Soca fans log on in thousands for Lyrikal’s energetic online show
Written by admin on April 11, 2020
When Lyrikal entertained thousands via his first virtual live concert on Thursday night, he did so with a heavy heart and mind.
While he was providing cheer to those of us stuck at home, he couldn’t stop thinking about his friends in New York who contracted the coronavirus, one of them who has been hospitalised.
“Thursday morning when I got up, I call a brethren to send me some acoustic riddims. And when I call him for that, he told me he has it, he just found out. A next brethren in hospital with a mask on his face, hook up on his bed. I performed with that in my head,” he told Loop from his home in Atlanta.
Lyrikal, real name Devon Martin, said he thought about cancelling but his bestie Nadia Batson convinced him to do it stating that even his friends would be watching.
“And one of them was watching the live and commenting. He say I lift him up…what I did for my friend was lift up his spirits and that was my concern, people who were sad in their house and needed uplifting.”
Lyrikal’s soca concert drew thousands to his Instagram and Facebook accounts.
During his set, there were over 8000 people on his Instagram Live while on Facebook Live there were over 70,000 views.
“I feel amazing. I feel ecstatic, it is a great, great feeling to see how much love the people have for me not just physically but for somebody to sit by their phone or computer and watch you for over an hour, I am lost for words,” he said, stating that rising numbers gave him the energy to keep going.
“I not seeing anybody in front of me, I am seeing a phone. Sometimes it is not easy to perform for a crowd right there but you performing for a phone, if you are not passionate about your craft there is no way you could do that. If you aren’t a real artist you can’t do that.”
Lyrikal isn’t the first soca artist to entertain fans with live online performances. Nailah Blackman does a weekly show where she takes requests from fans and performs acoustic versions of her songs and Kees Dieffenthaller recently surprised fans with a brief, stripped-down performance of some of his songs via IG.
Lyrikal’s show, however, was pure pace and energy which had people partying in their homes as evidenced by the videos people have been sending him.
“When it first came up, somebody tagged me on IG in my stories, a guy by the name of Fly Kid, he said is time for some of these artistes to give a virtual concert and he tag me alone. I was cooking and when I saw it I reposted it and people reacted to it and said do it. I was in the kitchen and God say do a virtual concert so I went on my phone and post it, then I called my manager and my cousin. I got 1200 comments and every comment was yes, please, do it.
“The comments were expressing how much they really need it at a time like this so I said if I doing something virtually I want to do something that would uplift them. People could listen to music on their own but the word concert is energy for me. I am giving you a show like you came to Estate 101 to see me. Lyrikal’s vibe is energy, is vibes, I don’t know how to do anything halfway,” he said.
Lyrikal’s set included some of his big hits such as ‘Cloud 9’, ‘24/8’, ‘Criminal Wine’. ‘Loner’ and, of course, his 2020 mega-hit ‘Rukshun’. It also included songs from his early days that only his New York, Baltimore and Miami fans would know.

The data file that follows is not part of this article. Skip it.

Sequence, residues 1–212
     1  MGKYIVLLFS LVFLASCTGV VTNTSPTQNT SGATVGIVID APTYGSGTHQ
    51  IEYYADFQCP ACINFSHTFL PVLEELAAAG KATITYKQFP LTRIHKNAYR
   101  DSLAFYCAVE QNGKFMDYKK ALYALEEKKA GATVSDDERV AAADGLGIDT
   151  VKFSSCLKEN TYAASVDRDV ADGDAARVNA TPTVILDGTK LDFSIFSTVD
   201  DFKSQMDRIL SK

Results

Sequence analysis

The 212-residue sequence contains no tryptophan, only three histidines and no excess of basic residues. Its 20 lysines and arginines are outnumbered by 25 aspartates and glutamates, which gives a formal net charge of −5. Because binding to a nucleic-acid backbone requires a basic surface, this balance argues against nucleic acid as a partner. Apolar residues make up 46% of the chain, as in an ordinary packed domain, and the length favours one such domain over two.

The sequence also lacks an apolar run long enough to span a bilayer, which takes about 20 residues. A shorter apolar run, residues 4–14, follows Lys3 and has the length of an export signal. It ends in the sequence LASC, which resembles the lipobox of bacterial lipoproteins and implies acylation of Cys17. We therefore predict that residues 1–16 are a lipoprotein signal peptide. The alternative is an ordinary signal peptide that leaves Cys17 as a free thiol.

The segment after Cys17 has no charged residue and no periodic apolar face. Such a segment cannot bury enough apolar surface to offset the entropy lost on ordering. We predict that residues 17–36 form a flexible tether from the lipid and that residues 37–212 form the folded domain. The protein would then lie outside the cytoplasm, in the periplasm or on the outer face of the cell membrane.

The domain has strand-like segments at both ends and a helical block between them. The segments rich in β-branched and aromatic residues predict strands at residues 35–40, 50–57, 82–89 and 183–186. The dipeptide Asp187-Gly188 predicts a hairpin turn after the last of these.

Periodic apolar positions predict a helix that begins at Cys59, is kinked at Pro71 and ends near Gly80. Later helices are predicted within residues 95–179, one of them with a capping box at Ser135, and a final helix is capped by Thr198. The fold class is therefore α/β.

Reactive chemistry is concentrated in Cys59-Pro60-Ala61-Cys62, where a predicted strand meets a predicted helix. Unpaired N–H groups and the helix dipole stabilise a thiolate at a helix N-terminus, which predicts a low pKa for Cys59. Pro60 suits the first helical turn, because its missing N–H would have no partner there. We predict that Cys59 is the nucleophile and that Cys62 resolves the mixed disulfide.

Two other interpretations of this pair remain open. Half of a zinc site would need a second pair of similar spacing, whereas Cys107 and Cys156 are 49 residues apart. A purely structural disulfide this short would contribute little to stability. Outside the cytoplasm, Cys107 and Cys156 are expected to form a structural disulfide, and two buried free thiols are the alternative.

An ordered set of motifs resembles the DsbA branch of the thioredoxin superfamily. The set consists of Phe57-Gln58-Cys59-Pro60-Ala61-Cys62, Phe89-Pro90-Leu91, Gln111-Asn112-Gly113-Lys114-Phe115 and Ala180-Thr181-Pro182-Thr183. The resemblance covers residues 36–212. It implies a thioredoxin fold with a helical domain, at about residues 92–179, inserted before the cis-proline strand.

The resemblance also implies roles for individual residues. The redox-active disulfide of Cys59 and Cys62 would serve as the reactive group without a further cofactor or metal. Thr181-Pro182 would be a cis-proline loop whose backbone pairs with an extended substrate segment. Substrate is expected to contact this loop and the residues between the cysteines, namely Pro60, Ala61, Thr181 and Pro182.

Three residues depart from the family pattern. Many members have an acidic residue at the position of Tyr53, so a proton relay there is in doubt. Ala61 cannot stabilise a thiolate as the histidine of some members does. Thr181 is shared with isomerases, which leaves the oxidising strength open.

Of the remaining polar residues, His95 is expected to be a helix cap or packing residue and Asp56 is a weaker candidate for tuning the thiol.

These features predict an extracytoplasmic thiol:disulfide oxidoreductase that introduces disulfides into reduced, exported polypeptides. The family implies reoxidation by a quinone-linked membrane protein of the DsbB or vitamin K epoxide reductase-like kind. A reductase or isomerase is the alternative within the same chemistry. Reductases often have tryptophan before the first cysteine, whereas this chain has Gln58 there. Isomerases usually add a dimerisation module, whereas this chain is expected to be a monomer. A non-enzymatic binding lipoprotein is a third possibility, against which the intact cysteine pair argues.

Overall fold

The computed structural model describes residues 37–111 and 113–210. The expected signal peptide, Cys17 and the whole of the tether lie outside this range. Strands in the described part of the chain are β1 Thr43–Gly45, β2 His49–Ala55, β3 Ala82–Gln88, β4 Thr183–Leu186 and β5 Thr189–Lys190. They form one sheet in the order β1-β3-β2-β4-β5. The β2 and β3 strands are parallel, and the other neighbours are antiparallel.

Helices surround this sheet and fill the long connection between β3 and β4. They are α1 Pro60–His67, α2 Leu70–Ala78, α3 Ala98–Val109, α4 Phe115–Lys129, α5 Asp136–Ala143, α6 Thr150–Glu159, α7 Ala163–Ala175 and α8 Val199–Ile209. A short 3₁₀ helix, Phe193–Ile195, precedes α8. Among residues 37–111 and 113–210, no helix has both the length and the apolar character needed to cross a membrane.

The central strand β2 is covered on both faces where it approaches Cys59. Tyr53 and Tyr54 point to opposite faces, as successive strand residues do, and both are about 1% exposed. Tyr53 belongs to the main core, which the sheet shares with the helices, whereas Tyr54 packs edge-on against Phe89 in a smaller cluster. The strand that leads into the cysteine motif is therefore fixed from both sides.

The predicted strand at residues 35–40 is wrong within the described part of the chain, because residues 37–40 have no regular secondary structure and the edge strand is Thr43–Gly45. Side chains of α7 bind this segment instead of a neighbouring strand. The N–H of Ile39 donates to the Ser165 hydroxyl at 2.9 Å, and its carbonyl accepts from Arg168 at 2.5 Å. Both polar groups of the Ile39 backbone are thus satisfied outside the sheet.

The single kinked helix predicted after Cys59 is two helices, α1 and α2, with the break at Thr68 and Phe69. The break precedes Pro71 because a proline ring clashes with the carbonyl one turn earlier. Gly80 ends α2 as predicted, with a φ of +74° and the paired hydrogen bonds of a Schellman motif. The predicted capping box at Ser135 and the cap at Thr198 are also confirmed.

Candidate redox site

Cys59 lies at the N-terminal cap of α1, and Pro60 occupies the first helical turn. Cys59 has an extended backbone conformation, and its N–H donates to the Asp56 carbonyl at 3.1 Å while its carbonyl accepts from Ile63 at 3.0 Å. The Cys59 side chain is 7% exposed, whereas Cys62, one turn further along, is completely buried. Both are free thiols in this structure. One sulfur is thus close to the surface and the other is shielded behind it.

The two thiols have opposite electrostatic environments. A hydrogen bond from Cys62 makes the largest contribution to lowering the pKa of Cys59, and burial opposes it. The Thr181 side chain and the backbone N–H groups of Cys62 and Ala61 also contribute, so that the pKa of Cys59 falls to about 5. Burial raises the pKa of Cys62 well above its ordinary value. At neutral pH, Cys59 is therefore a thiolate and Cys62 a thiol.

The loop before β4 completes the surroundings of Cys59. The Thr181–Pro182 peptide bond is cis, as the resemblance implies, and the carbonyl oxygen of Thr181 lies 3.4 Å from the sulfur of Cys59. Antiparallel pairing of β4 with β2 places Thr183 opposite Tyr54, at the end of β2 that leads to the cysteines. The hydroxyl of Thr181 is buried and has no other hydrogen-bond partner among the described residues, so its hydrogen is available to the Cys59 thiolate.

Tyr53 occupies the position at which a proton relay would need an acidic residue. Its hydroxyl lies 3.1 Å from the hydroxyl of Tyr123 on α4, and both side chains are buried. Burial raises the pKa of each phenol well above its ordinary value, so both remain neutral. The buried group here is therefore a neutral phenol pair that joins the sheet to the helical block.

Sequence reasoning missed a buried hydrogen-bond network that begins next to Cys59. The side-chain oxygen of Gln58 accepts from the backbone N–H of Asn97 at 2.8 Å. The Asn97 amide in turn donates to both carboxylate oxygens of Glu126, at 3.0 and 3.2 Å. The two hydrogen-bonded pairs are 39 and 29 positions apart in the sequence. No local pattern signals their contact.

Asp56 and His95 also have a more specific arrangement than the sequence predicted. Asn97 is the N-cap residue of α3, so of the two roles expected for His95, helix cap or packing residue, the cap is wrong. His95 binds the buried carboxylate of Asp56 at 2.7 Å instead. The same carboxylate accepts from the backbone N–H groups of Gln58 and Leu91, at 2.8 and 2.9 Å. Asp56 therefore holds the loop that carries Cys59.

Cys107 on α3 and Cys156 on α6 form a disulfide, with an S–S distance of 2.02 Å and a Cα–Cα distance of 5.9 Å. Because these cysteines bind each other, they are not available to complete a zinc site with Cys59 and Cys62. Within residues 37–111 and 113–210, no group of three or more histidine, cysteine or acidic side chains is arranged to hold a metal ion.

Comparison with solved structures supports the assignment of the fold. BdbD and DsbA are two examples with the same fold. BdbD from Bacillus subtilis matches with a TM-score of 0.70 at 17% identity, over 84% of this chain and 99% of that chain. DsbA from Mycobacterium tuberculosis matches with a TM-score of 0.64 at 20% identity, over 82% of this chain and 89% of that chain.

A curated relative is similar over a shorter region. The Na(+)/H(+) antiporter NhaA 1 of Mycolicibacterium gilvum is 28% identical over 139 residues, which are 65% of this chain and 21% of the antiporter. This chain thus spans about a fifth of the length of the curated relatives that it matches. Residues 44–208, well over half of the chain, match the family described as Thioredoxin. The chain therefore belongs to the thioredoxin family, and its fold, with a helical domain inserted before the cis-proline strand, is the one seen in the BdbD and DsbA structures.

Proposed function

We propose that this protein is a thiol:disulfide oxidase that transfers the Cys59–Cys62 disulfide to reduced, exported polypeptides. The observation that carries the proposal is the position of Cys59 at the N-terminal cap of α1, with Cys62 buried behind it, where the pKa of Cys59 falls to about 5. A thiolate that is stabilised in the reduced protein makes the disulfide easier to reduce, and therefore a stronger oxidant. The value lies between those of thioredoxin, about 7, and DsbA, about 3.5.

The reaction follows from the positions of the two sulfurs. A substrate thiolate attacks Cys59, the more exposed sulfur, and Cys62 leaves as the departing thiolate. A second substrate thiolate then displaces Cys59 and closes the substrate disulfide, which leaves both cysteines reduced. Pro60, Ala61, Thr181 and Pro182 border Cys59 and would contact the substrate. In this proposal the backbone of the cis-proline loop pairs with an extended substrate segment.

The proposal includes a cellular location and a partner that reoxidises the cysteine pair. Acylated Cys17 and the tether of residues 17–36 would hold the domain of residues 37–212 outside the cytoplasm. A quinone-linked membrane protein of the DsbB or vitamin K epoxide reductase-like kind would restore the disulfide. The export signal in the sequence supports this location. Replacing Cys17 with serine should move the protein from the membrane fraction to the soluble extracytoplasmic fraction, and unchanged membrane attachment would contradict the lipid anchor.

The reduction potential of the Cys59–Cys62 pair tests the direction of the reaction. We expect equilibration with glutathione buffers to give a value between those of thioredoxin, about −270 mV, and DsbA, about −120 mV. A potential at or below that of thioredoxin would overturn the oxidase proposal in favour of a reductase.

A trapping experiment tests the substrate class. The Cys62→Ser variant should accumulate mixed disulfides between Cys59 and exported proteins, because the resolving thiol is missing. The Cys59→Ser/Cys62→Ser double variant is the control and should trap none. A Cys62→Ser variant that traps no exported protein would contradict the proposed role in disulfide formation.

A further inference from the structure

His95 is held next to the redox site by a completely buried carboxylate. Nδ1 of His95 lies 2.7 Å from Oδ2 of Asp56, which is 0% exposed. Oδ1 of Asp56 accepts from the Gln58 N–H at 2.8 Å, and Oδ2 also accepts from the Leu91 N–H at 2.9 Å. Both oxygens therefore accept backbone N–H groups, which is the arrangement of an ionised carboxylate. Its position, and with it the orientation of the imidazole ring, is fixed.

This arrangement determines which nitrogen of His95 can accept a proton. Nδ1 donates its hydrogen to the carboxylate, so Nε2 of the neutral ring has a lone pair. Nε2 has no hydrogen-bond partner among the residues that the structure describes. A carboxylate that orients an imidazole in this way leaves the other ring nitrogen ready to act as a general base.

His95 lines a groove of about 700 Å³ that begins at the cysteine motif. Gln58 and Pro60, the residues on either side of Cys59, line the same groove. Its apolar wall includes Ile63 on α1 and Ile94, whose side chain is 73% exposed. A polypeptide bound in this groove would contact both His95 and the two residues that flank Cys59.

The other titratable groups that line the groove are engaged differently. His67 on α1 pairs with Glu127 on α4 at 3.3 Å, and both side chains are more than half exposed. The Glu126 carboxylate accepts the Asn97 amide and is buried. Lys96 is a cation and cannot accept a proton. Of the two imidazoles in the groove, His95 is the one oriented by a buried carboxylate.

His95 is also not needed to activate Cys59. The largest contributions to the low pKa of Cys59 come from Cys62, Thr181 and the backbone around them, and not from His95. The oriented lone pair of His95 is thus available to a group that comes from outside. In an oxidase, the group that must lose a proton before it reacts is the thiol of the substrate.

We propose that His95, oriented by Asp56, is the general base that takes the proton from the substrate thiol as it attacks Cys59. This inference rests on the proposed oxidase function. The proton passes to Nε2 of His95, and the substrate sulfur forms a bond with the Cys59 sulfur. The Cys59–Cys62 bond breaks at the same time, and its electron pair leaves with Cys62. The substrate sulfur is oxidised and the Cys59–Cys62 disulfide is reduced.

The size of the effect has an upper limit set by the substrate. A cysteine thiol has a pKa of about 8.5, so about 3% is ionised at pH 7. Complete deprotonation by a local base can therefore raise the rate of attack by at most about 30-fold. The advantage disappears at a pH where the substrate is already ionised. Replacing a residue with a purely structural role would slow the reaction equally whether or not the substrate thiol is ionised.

“When we do shows in New York, Canada, London, Trinidad, the most I have on stage is 25 minutes to half an hour. I can’t sing all them songs in that time. In this virtual thing, you can’t talk too much, you have to keep people interested. You can’t interact with the crowd so you have to use everything you have. I wanted to show the people is not just these songs I have that allyuh know. I wanted to show people where I really start from. I doing this thing long time,” he explained.
His set also included his own reggae single ‘No Friend’ and some of his faves from other artistes.
“I wanted to show them versatility as well. I wanted to touch on my favourite songs like ‘Dingolay’ and Million Voice. I wanted to show them what Lyrikal is made of musically. Even for the producers to show them I could do anything so when they sending beats they could send me anything,” he said.
Reflecting on his musical journey, he said: “I started performing in Trinidad in 2012 with ‘Ramajay’ and I started to get that lil attention. The next year, 2013, it really kicked off with ‘25/8’. I did 82 shows that year, all the big stages, I was in everything. That was the kick-off year and from then to now, I have been on a consistent flow on my journey. Sometimes I just have to rock back sit back and say boy look at your body of work.”
Still basking in the overwhelmingly positive feedback from his concert, Lyrikal said it just felt real and organic, like Trinidad Carnival all over again. He is grateful to all the soca artistes, DJs and producers from all over the world who tuned in among them Voice, Iwer George, Preedy, Skinny Fabulous, Nadia Batson, Bunji, Private Ryan, Back to Basics and Dr Jay.
Lyrikal might do another online concert but for now, he is busy in studio recording and organising dubplates he didn’t get time to do before.
“The music don’t stop. I don’t ever stop recording. I am writing every night, working on soca. I am working on six or seven projects, wrote four songs so far, recorded three already. Every day I am in studio. I have time now,” he said.
He also spends some of his time cooking, a skill he learned from his mother, who he described as a general in the kitchen.
As he reflects on the pandemic and worries about his mother who lives in New Jersey and his friends in NYC, Lyrikal said he is just happy to put a smile on people’s faces.
His message to the world: “Stay positive, stay clean. We can’t wait to see each other again. I am sending shoutouts to everybody worldwide, we in it together, everybody equal right now.”